By accepting and retaining a portion of the premium, and issuing the policy, it affirmed the validity of the insurance for the period of one year, and by its conduct waived further objection to the validity of the insurance contract. By accepting the second installment of the premium on March 16, it again confirmed and ratified the contract. To hold that the policy on February 25 was not in force and effect would be tantamount to holding that the company could receive premiums without assuming liability. The law is quite well established that the date when a policy becomes effective is to be determined as of the time when the risk is assumed.
In the case of Schwartz v. Northern Life Ins. Co., 25 Fed. 2d 555, the Circuit Court of Appeals, 9th circuit, considered this identical question. There the agent for an insurance company at Oakland, California, obtained the insured's signature to an application blank, dated August 2, 1924, for life insurance, at which time the first annual premium was fully paid. This application was forwarded to the home office at Seattle, Washington. The Seattle office executed a policy dated August 14, 1924. The insured committed suicide on August 9, 1925. The question was whether the contract was made on August 2, at the time the application was procured, or on August 14, when the policy was executed. Passing on the question the court said:
"The principal question presented in the case is upon what date the policy became effective. The appellant says it was August 2, 1924. The appellee says it was August 14, 1924. The date from which a policy becomes effective is not necessarily determined by the date which it bears or the date of its execution or the date of its delivery or by the date when the first premium is paid. It is the date from which the risk commenced, and it is determined by the meaning of the provisions of the insurance contract." (Italics ours.)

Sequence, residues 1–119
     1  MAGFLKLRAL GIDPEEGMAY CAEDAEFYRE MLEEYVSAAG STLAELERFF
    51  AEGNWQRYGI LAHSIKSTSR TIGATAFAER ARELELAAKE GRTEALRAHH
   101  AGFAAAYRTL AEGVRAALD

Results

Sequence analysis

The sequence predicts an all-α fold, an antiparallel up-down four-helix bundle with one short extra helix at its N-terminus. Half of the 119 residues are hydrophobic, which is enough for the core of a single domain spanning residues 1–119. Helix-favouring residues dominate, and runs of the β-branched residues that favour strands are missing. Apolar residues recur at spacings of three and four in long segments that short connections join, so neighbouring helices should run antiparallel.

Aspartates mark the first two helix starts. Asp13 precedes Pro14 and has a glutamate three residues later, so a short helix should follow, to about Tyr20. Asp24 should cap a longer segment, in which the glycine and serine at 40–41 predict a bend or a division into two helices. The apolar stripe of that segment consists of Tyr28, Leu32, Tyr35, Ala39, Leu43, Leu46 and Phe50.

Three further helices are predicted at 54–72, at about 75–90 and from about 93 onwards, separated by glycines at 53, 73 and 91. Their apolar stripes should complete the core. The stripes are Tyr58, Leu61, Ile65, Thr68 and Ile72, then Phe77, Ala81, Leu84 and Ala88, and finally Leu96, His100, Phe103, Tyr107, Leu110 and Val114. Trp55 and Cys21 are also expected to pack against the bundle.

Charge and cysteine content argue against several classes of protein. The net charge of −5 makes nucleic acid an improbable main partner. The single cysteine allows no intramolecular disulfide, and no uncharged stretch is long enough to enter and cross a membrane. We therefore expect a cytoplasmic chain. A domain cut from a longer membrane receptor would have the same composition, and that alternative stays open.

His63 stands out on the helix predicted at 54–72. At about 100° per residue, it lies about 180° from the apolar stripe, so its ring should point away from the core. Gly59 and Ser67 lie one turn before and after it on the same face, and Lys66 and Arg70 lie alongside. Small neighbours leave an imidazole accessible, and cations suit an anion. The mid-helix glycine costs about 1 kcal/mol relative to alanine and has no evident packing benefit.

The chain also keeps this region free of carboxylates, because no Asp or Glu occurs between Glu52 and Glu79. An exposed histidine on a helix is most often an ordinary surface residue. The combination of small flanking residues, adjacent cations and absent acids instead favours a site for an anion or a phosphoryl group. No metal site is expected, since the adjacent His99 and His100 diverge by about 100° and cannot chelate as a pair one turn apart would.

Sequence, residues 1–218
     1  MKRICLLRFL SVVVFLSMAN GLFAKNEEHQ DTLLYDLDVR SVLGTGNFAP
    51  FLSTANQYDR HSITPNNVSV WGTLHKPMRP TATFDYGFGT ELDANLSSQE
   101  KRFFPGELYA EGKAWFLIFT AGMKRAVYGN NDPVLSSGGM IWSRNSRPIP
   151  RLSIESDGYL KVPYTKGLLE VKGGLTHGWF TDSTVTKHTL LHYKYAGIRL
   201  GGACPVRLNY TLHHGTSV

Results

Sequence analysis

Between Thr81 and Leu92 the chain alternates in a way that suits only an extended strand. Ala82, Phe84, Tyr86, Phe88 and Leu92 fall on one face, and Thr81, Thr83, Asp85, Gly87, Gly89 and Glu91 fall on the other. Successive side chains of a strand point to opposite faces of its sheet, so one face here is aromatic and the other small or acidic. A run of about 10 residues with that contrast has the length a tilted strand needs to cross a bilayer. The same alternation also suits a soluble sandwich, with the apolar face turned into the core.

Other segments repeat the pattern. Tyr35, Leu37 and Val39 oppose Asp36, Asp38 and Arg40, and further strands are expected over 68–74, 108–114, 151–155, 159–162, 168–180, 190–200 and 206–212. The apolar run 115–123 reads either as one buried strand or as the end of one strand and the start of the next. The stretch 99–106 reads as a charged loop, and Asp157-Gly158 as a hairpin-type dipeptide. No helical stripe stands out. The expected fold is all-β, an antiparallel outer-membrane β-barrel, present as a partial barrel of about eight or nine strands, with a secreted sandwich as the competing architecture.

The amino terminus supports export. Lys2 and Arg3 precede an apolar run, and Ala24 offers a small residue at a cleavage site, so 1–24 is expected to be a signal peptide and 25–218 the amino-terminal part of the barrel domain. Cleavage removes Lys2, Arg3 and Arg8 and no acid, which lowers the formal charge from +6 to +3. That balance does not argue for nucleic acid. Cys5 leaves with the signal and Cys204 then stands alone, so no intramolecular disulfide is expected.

In the case of Starr v. Mutual Life Ins. Co., 41 Wn. 228, 83 P. 116, this court, in effect, announced the same rule. There the insured signed an application for insurance on November 30, 1903, at Spokane, Washington, and was issued a receipt showing partial payment of the premium. The receipt further provided: "Policy to take effect from date." The application was forwarded to the home office of the company in New York City through its Seattle branch. On December 8, 1903, the application was approved and the policy issued, and returned to the Seattle office for delivery to the insured. On the morning of December 8, but a few hours before the approval of the application and the issuance of the policy, Starr died from injuries he had received two days previously. When the policy arrived at the Seattle office, the agent of the company refused to make delivery. The application, in part, provided:
"I have paid $ _________ to the subscribing soliciting agent, who has furnished me with a binding receipt therefor, signed by the secretary of the company, making the insurance in force from this date, provided this application shall be approved and the policy duly signed by the secretary at the head office of the company and issued."